Mola Lenghi, Arlington Journalist
With a new vision, new development and new businesses, the area between the University of Texas at Arlington and Cowboys Stadium has a new feel.
Many North Texans don’t know Arlington has a downtown, but that’s changing. With a new vision, new development and new businesses, the area between the University of Texas-Arlington and Cowboys Stadium has a new feel.
“There are a lot of people in downtown Arlington, as opposed to the way it used to be, it was kind of dead,” said Arlington Mayor Robert Cluck.
From restaurants and retail to cultural and entertainment activities, Arlington’s downtown is looking up.
“The overall goal for downtown Arlington is to create an environment that's a live, work and play environment,” said Robert Johnson, Chairman of the Downtown Arlington Management Corporation.
Work and play have come first, with around $10 million in private investment as well as eight new restaurants and bars within an 18 month period. The new businesses have come in the form of new construction and renovating existing downtown buildings.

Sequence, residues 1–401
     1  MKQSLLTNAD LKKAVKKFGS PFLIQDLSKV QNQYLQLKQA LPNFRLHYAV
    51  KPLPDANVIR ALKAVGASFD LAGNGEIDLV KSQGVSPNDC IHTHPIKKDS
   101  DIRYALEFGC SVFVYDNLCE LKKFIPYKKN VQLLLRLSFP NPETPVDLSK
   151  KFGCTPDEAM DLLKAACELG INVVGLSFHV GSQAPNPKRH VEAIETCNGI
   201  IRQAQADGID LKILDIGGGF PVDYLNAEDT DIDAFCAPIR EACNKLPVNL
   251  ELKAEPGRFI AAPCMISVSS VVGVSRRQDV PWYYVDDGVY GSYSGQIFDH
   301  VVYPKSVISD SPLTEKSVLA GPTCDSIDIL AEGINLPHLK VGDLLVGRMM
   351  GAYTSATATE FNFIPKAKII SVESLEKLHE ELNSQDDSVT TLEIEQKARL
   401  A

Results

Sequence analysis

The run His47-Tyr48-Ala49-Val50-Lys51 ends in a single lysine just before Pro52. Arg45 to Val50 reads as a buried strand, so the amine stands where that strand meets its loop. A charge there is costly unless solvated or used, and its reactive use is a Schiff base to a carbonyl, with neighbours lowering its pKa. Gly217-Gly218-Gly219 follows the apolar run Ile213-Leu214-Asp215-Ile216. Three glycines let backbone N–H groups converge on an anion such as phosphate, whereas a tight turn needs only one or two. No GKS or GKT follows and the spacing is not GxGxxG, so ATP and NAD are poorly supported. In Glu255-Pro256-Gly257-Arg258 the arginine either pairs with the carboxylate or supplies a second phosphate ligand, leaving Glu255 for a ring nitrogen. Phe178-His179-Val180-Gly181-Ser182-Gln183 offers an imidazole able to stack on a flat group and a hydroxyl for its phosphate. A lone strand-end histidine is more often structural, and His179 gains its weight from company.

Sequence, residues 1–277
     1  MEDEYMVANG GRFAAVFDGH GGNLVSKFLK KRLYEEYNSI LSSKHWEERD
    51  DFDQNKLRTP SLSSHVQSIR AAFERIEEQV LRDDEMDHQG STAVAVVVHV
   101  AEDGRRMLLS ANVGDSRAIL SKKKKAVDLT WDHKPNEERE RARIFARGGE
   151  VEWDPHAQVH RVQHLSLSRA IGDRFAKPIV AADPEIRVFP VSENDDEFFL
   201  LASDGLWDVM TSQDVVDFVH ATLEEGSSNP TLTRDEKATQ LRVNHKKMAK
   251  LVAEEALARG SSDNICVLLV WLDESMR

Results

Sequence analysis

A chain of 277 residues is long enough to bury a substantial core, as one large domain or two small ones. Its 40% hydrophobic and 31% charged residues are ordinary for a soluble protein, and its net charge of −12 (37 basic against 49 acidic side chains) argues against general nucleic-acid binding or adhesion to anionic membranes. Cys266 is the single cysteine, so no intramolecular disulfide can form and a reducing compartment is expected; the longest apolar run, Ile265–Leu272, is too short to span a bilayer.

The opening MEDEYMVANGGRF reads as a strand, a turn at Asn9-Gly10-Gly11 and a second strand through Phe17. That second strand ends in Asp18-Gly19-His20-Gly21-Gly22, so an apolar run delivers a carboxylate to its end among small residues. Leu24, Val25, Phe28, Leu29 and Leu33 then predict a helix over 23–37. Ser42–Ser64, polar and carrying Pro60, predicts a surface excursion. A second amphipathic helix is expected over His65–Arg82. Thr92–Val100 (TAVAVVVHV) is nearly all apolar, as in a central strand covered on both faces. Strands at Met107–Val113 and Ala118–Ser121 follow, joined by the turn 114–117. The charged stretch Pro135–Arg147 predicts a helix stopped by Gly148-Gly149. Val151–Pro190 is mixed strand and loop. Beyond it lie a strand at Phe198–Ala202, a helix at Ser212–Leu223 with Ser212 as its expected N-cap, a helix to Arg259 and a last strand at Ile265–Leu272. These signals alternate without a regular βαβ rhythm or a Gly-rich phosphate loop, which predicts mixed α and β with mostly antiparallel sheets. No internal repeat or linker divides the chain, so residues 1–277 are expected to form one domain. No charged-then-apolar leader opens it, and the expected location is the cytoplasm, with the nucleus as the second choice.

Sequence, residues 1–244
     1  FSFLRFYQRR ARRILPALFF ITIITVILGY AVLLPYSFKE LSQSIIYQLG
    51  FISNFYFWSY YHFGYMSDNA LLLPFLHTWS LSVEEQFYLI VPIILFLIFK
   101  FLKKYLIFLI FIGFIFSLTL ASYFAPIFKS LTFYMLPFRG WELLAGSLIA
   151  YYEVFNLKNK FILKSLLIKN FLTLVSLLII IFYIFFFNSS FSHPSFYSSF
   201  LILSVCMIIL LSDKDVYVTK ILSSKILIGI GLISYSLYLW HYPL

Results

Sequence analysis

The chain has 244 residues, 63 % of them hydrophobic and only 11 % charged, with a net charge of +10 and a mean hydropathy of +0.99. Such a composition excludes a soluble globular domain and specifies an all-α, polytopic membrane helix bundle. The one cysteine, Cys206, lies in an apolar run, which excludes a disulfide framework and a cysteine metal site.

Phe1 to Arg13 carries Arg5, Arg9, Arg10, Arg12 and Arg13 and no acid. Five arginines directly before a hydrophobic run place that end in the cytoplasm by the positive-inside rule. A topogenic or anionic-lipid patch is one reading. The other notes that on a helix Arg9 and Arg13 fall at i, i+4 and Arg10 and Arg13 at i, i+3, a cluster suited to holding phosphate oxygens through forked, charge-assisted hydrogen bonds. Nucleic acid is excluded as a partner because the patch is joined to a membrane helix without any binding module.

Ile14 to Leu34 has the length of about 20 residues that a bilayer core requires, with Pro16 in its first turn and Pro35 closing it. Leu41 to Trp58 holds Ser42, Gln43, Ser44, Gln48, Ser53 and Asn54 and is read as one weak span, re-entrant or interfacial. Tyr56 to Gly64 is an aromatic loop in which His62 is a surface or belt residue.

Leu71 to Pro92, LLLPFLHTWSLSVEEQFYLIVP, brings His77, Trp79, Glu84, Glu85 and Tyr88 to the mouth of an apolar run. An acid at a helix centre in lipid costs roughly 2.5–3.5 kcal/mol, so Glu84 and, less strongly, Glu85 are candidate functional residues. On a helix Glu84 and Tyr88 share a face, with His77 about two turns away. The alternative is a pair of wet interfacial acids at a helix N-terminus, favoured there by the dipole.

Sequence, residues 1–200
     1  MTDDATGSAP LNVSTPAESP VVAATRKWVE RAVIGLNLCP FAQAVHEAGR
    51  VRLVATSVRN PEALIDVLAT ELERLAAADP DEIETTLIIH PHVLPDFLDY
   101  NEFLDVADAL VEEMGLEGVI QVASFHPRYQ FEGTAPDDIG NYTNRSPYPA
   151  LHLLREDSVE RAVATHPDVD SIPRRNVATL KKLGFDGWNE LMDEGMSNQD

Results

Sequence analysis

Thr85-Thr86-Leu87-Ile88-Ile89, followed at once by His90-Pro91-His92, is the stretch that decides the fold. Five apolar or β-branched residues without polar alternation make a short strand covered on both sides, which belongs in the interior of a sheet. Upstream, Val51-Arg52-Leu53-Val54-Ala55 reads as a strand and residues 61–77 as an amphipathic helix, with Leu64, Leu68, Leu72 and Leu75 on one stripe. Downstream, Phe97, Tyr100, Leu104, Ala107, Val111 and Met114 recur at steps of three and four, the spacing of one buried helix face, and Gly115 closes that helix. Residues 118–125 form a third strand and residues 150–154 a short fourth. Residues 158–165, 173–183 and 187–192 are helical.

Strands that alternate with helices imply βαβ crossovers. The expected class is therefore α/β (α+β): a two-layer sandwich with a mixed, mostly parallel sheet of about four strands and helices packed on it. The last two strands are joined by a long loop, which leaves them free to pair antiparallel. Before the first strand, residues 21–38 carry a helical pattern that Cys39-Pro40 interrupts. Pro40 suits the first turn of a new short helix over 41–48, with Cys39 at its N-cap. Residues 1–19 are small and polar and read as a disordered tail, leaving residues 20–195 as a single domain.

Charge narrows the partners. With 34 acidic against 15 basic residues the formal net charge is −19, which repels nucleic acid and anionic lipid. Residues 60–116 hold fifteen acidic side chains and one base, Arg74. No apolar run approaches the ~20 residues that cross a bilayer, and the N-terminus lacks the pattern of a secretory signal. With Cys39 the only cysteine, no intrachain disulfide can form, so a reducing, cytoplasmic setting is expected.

“I see a huge potential in the area,” said Jared Matthew, General Manager at the new Twisted Root restaurant on East Abram Street. “We've had a good month so far - it's our first month. I just see a lot of growth. There's a lot of stuff going, there's still empty buildings, we have a bar going in right next door, there's an empty building there, lots of room for growth.”
Fueling that growth, according to Mayor Cluck, is the growth at nearby UT-Arlington. From the construction of the new College Park Center, a sports and entertainment venue, to the development of the College Park District, a mixed-use community of retail, restaurants and residences, the footprint and population at UTA is growing.
“We have 33,000 customers just down the way here at UTA, just right on the edge of downtown. UTA is helping provide that growth pattern,” said Cluck.
Another attraction for prospective businesses has been the completion and success of the Levitt Pavilion, an outdoor amphitheater in the downtown district.
“We like to point to the Levitt Pavilion as the major - we call it the gem of downtown and gem of Arlington. That's attracted a lot of interest in development particularly in restaurant,” said Johnson.
The hope is that the growing interest will once and for all overshadow the long-standing idea that there is no downtown in Arlington.
Johnson admits, that is the challenge. “There's a good recognition that Arlington has a downtown, it's starting to become really vibrant," said Johnson. "Just overcoming that feeling that 'it is what it is and we can't change it' has been a struggle, but I think we've made great progress.”